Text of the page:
Sunday, November 11, 2012

Getting Used to Being a Bigot

In my quest to find some meaningful things to say about Libertarianism, I simply can't at the same time be blamed for coming across pure idiocy and feeling the need to say at least something about it....

As best as I can imagine it, waking up one morning to find out that you're officially considered a bigot has to be pretty hard. Naturally there's going to be some backlash, denial, a little bit of anger, some bargaining and rationality, so on. On the face of it, it can often appear that the bigot has a point until you think a little deeper and see that it's all just a manifestation of the stages of grief. The grief and bigotry in the case I'm talking about is the kind directed towards the gay and lesbian community and their rights to marry. Evidently, or so I'd be convinced to think, bigots have rights to be bigots - or something like that.

Consider the article here on same-sex marriage and the lessons we can learn from Canada. Apparently with the Canadian government recognizing same-sex marriages some additionally terrible things happened. The " and cultural effect was much broader." in that, "What transpired was the adoption of a new orthodoxy: that same-sex relationships are, in every way, the equivalent of traditional marriage, and that same-sex marriage must therefore be treated identically to traditional marriage in law and in public life." Pardon the language here, but isn't that the fuckin' point? I mean seriously unless I'm a complete idiot it seems perfectly logical to me that once you grant same-sex marriage rights that also entails all the 'orthodoxy' of traditional marriage. So what's the problem here?

The problem is, well, it's just mighty hard getting used to the idea that you're a bigot, we continue on:

"A corollary is that anyone who rejects the new orthodoxy must be acting on the basis of bigotry and animus toward gay and lesbians. Any statement of disagreement with same-sex marriage is thus considered a strait forward manifestation of hatred...."

Well, okay, the first and obvious problem with this is that it isn't really a corollary, and whereas that may seem a little trivial for me to point out, I doesn't end up that way. i.e. Same-sex marriage rights aren't just about same-sex marriage rights, [again] they entail all of the human rights issues and orthodoxy of traditional marriage. It's not as though we're in a situation where we've extended the rights, but good luck finding an asshole who will actually extend those rights to you. For example:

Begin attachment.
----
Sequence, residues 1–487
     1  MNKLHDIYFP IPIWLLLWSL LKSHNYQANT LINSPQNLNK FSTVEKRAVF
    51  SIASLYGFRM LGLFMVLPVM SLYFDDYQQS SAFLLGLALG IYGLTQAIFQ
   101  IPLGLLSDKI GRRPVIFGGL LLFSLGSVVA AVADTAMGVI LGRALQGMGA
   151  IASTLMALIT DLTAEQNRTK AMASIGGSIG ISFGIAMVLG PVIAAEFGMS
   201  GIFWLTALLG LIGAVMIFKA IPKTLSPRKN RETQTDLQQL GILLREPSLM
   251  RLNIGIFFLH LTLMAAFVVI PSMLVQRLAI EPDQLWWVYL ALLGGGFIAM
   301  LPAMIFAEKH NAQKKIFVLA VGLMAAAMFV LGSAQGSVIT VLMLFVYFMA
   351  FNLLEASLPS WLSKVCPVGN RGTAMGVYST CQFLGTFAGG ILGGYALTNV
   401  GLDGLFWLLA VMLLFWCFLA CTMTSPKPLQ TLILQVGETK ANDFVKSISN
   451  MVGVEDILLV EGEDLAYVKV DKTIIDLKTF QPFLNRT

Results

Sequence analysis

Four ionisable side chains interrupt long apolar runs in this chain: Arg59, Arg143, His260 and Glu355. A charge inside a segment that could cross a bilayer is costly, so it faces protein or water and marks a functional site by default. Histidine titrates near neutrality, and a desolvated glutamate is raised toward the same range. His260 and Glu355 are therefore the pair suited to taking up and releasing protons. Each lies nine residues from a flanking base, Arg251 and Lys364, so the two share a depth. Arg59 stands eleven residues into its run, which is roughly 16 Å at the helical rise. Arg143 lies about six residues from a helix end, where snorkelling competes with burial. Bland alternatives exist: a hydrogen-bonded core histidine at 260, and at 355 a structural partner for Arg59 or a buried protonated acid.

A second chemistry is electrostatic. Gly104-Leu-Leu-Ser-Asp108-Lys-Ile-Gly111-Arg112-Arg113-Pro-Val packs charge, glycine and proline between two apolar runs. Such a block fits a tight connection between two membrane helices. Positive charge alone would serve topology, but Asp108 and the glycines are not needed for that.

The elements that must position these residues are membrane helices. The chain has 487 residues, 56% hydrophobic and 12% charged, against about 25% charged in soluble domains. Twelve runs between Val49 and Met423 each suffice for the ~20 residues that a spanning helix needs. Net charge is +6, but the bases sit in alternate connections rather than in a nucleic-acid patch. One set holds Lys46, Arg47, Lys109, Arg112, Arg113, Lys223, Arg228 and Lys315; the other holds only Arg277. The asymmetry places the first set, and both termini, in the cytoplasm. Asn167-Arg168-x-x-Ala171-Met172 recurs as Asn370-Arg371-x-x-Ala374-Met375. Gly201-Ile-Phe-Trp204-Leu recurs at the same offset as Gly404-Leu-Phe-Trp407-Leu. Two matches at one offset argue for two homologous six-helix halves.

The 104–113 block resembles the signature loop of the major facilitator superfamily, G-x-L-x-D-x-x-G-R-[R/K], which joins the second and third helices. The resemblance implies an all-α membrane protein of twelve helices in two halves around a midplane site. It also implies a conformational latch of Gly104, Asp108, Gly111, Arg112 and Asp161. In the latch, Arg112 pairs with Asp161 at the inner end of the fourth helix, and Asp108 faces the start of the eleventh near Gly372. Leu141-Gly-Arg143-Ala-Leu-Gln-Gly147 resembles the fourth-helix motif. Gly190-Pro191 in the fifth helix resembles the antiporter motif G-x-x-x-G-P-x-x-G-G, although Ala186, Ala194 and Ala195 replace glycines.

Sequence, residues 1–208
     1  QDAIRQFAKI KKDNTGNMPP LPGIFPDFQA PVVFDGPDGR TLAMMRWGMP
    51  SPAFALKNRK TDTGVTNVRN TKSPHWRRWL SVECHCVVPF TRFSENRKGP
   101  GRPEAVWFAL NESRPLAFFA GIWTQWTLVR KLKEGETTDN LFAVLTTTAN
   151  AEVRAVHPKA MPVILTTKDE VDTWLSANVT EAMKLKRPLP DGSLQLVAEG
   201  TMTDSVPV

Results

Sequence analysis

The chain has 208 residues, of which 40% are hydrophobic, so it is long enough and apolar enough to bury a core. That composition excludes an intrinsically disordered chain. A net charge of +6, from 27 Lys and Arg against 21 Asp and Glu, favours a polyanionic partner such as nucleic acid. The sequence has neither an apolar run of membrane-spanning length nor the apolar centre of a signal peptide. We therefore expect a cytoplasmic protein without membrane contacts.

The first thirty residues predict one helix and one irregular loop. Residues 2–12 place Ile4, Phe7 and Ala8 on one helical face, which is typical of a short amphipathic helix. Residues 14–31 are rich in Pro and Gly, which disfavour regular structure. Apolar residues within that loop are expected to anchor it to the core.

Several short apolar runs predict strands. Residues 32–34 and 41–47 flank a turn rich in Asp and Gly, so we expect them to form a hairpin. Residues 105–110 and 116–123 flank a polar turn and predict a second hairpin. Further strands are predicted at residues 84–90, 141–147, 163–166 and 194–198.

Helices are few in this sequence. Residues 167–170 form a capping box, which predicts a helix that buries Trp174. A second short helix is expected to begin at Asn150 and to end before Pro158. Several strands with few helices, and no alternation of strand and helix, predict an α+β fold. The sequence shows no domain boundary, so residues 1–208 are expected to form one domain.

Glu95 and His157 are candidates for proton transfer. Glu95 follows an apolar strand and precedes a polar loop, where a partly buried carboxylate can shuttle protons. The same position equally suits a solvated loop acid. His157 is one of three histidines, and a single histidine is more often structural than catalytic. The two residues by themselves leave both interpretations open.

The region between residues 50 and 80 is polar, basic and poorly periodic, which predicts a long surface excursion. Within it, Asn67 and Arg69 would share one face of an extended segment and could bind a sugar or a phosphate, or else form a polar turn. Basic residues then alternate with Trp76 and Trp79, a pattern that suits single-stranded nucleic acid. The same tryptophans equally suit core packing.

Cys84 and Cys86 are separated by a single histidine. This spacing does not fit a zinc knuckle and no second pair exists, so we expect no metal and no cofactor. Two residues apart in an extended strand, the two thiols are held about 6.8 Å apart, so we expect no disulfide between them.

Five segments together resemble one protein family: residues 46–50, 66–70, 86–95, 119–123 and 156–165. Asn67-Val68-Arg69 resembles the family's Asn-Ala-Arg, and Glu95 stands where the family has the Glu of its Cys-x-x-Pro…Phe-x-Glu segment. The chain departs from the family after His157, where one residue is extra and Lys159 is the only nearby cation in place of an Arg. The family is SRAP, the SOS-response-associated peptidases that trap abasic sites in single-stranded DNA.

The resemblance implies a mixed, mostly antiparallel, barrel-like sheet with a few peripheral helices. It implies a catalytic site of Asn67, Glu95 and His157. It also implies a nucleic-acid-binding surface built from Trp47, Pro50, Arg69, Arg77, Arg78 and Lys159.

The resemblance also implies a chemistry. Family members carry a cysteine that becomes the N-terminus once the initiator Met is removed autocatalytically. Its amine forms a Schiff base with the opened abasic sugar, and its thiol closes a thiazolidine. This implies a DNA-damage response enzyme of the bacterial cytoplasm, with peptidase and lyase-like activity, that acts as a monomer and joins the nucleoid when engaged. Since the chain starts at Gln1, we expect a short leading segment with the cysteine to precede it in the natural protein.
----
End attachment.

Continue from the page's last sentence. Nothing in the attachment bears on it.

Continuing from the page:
"Civil marriage commissioners were the first to feel the hard edge of the new orthodoxy; several provinces refused to allow commissioners a right of conscience to refuse to preside over same-sex weddings, and demanded their resignation."

Notwithstanding other controversial issues within the article, this is not an example of simple free speech or protest rights being trampled upon, but a plain old refusal to comply with an individuals rights and civil liberties. Could any of us (even the individual who wrote this article) imagine decades after the civil rights movement refusing to give a hair-cut to an African-America because it violated our conscience? Perhaps there are some out there who still feel that way, however by and large I'd tend to think we'd all find that rather ridiculous, and this isn't any different. This is, by and large, an example of people going through their own internal struggle (a sort of grief process), but why should we feel sorry for them? They woke up one day and were officially a bigot, and now we're all supposed to feel sorry for them.....


  1. That bitch better check her privilege!

    (Kinda random but I've wanted to say that for a long time).

  2. HAHA, I've used it a couples times. Then of course I had to explain it a couple time too, but it's still priceless.